Open the oven, spritz the oven generously with spray bottle of water and quickly close the door. Open the oven door again, slide the croissant sheets into oven and re spritz. Turn down the oven temperature to 240 degrees C/ 400 degrees F. after about 10 minutes rotate the croissant sheets. Reduce the oven temperature to 191 degrees C/ 375 degrees F and continue to bake the croissants till deep golden brown, internal temperature should register at 99 degrees C/ 210 degrees F. (about 8 more minutes). They will finish baking while they cool.
Cooling the Croissant:
Once the croissants have achieved the color and correct internal temperature, remove from the oven and transfer to a cooling rack for about 20 to 30 minutes.
hi Bobbie, great recipe but not good for Passover….I wanted to share this as a gluten free recipe…it looks great and I’d like to try it, but there were a lot of comments on the ingredients including the yeast and rice components not being allowed for Passover….just thought I’d share that.
Cheryl, I called a Rabbi, a friend of mine suggested, he confirmed all the ingredient were in croissants were alright The Passover Seder . The may eat rice and yeast. The food that need to be avoided are wheat, barley, rye, spelt and oats.I appreciate your concern, bit assure you and all my readers the gluten free pâte croissants are Passover safe. Ashkenazi Jews,however follow a stricter guideline.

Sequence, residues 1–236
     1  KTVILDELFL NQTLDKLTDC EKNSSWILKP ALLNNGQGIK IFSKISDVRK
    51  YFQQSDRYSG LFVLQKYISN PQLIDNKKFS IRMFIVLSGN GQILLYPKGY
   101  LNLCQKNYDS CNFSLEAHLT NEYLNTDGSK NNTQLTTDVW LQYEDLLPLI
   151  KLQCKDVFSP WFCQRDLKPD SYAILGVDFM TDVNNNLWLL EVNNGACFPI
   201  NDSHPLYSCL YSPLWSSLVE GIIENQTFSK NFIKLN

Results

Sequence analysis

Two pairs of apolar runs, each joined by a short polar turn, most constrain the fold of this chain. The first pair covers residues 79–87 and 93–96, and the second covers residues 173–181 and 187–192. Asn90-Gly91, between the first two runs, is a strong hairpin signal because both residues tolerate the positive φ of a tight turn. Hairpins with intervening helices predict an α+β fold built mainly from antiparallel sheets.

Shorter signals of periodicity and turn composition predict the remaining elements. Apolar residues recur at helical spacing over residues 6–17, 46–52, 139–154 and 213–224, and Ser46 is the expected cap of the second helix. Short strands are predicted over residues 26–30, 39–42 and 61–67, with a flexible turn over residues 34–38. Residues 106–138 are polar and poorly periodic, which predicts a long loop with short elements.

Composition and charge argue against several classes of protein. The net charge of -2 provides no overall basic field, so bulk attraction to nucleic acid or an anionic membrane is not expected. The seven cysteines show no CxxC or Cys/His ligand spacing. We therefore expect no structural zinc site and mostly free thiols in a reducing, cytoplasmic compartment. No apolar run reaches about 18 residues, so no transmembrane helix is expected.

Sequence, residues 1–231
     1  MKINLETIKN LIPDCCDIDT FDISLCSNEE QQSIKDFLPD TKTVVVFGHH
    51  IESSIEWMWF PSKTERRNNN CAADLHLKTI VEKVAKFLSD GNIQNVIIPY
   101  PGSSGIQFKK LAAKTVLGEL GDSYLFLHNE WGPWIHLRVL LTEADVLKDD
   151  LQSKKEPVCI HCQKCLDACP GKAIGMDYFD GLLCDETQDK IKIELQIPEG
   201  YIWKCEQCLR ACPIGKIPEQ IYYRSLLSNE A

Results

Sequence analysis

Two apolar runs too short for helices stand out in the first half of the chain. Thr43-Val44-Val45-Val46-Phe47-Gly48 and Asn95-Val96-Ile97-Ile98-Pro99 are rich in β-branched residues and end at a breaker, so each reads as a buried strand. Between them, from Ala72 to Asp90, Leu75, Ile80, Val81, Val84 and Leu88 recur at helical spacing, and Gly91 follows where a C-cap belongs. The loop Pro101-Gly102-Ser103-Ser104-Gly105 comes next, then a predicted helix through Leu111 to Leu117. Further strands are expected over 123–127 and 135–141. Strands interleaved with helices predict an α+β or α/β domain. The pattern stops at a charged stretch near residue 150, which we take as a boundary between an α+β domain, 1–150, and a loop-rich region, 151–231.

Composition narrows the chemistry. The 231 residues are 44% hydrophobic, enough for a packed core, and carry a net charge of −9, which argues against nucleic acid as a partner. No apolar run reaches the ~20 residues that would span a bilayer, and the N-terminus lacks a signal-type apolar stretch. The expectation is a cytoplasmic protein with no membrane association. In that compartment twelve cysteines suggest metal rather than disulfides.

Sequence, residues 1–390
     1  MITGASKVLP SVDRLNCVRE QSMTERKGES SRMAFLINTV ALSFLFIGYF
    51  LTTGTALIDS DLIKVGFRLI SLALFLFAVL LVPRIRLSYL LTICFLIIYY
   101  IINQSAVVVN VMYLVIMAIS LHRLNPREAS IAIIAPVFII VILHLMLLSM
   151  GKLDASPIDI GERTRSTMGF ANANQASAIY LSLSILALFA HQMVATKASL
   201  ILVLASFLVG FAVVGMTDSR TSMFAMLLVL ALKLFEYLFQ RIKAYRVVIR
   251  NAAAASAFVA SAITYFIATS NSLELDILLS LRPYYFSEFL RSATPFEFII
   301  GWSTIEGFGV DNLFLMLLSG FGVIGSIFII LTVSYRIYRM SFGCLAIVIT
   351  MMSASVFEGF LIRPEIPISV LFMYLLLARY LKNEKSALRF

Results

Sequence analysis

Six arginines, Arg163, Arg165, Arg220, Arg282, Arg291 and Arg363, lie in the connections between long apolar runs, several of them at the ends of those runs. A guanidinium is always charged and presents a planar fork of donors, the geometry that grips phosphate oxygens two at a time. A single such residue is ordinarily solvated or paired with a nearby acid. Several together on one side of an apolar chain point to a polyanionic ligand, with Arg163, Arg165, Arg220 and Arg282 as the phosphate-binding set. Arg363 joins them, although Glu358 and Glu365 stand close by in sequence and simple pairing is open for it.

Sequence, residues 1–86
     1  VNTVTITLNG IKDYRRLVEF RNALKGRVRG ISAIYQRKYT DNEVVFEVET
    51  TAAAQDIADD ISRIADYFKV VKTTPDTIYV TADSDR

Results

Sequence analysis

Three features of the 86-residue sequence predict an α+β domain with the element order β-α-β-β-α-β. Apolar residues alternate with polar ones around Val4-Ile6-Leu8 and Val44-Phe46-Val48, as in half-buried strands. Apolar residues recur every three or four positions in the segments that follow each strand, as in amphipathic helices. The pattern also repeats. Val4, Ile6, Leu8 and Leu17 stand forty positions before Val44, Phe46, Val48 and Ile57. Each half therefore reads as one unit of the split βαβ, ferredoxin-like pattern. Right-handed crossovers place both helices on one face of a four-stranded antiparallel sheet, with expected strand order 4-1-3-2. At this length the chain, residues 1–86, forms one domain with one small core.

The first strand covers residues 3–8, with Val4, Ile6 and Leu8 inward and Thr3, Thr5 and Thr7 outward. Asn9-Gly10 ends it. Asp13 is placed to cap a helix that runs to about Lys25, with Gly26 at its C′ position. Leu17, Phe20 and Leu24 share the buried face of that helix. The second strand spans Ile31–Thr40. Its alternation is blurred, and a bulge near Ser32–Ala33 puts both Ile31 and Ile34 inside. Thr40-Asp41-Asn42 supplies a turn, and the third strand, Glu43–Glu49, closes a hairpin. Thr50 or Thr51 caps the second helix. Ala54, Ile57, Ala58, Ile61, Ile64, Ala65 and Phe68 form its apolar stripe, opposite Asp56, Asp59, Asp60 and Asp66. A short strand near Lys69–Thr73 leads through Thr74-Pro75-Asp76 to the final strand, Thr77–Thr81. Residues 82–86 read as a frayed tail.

Gorgeous! Can’t wait to try them!
Hi Bobbie – these are beautiful. I am making them right now. A couple of questions. I am going by the gram weights rather than volume measures – I think the flours might be more in volume? 300 grams = 7/8 cup? Those conversions are always tricky depending on how people measure the flours, which is why I am happy using weights.
I don’t have sweet brown rice, but I used sweet white rice – it is hard to find a source for sweet brown here. And I also used an AP GF mix that has x-gum included – primarily starches (Cup 4 Cup).
And what % fat is your cream? I’m guessing it is a higher fat content than regular store bought heavy cream, yes?
Thanks so much.
Lisa, the sweet white rice is fine to substitute, I have never used a gluten free mix could you tell me the starches. King Arthur has multi-purpose mix and claim, there is “no need to mix together the many different flours most gluten-free recipes call for; simply substitute our blend instead.” I would hate for you to be adding more than needed. The cream is 48% fat, use the highest fat whipping cream available. Yes 300 grams is correct I just realized the dry cup measurement is 1 7/8. However it is better to weigh. I hope this does not inconvenience you. If you have anymore questions please don’t hesitate to contact me.
Thanks for the info, Bobbie. I did stick to the gram weights for the flour. I am a big fan of weights for dry measures – so much more accurate. I used a total of 520 grams, adding them up. About 60 grams of which was sweet white rice flour. The rest was C4C which is made up of cornstarch, white rice flour, brown rice flour, milk powder, tapioca and potato starch and xanthan gum. Looking forward to croissants!
I am so glad.
These look amazing! I can’t wait to try the recipe. Thank you so much for sharing!!
Thank you, please let me know how you like the GF croissants.
These look delicious! I’ve been missing real croissants since I found out about my wheat allergy a year ago and thought I’d just have to live without. I will definitely be making these, thank you for the tutorial!